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- Posted on Oct 15th 2010 11:15AM by David Chiu
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The singers-songwriters made an appearance at Elektra Records' 60th anniversary celebration Thursday night at New York's 92Y. The event, which featured Elektra Records founder Jac Holzman, was a discussion on the history of the label, whose roster has included such artists as Judy Collins, the Doors, the Eagles, Carly Simon, Television, Metallica, Anita Baker, Keith Sweat and Bjork.
Browne and Merchant spoke about their experiences on Elektra: Browne as an up-and-coming artist in the early '70s, and Merchant as the lead singer of 10,000 Maniacs in the mid '80s. Afterward, Browne played 'My Opening Farewell,' a song off of his 1972 self-titled debut, which was released on the label. Merchant then followed by singing Browne's 'These Days' with Browne providing instrumental accompaniment.
Earlier in the program, Holzman was interviewed by writer and Patti Smith guitarist Lenny Kaye about the label's origins. A video montage was shown that covered the years Holzman headed Elektra from 1950 to 1973 and included performance clips of artists ranging from Phil Ochs to Queen. "I was drawn to [Queen's] Freddie Mercury and 'Keep Yourself Alive,' and the artists who were close friends of mine," said Holzman of his first thoughts after the video presentation.
Elektra started out as a folk label around the time of the advent of the LP record and entered the rock market in the '60s beginning with Paul Butterfield. Holzman said that he went to L.A. to find a band that was meant for him and came across the group Love, which was fronted by singer Arthur Lee. "There is Arthur Lee on the stage with those prismatic glasses," remembered Holzman. "It was great. I knew I found my band."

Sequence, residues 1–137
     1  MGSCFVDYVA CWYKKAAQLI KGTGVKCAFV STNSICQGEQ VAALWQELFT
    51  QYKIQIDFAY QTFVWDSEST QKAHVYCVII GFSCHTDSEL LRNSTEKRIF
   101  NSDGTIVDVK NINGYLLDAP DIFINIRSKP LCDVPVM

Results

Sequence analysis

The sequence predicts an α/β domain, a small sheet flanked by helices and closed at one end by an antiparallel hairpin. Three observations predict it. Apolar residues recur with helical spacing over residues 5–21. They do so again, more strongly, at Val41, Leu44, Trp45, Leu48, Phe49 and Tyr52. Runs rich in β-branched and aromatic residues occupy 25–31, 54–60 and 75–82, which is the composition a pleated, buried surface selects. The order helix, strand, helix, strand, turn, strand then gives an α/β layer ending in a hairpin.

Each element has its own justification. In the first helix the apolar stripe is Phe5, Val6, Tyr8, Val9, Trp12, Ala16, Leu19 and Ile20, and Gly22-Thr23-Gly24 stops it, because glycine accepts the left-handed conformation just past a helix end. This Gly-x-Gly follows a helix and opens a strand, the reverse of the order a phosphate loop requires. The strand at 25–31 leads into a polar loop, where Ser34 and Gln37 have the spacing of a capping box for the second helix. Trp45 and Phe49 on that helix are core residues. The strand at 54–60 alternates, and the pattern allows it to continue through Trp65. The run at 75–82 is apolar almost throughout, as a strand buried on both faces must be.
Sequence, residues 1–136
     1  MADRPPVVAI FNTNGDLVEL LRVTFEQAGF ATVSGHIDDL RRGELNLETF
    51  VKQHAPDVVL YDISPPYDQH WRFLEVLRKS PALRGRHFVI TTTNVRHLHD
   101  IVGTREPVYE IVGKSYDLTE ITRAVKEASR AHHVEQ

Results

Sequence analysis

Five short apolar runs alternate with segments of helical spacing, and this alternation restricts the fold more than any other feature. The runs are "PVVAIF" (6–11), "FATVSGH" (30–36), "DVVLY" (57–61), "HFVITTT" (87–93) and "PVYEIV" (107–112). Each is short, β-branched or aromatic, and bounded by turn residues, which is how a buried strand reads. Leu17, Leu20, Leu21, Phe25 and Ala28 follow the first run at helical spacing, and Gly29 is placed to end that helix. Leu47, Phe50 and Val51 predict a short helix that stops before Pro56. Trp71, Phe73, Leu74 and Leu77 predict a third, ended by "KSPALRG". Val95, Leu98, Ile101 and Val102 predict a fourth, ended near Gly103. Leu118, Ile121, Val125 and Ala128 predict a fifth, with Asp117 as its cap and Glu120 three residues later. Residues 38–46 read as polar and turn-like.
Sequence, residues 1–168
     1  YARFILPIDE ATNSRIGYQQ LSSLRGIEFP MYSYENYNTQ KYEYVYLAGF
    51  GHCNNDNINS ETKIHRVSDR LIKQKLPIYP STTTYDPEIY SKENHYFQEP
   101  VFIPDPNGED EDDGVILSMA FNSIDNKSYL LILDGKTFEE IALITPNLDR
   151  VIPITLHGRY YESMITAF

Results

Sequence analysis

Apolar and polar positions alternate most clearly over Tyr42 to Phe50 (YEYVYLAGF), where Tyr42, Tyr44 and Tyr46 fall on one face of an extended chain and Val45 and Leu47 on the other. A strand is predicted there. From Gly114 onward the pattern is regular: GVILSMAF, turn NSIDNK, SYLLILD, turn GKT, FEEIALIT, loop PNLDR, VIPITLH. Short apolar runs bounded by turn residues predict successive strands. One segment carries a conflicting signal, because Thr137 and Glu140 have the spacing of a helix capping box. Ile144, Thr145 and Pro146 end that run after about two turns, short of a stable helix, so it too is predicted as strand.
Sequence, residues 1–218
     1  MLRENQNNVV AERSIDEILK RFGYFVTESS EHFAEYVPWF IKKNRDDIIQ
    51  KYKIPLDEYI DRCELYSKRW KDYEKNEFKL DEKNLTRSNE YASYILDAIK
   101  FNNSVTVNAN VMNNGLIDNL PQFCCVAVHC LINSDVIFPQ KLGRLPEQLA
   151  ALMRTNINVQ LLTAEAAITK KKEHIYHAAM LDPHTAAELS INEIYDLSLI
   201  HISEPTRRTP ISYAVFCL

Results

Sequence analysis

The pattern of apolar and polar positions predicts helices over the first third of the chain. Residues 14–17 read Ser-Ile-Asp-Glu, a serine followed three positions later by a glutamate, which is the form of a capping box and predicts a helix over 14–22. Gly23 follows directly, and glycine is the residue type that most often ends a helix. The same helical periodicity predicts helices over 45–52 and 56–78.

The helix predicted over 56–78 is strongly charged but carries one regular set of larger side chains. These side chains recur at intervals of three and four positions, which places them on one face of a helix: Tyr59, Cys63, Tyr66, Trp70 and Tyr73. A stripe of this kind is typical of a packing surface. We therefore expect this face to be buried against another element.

Through Lee, Holzman discovered the Doors in 1966. "I kept going back [to see them]," he remembered, "and I got it all. I went back and introduced myself." He recalled singer Jim Morrison checking out the U47 microphone in the studio and saying "this is Frank Sinatra's microphone." "We went and made the record in seven days," said Holzman.
Holzman also spoke of his experiences with another Elektra act, the Stooges. "I get this band in the studio," he recalled. "There were no songs. I said, 'Go home and write some songs.' And [there] came 'I Wanna Be Your Dog.' It was of the moment, it was raw and it still has resonance."
The Elektra founder, who also started the Nonesuch label in 1964, addressed what is currently going on with the music industry, particularly at a time when artists today are producing records by themselves. "Record making has been democratized," he said. "There are choices. I am encouraged by the people who do this."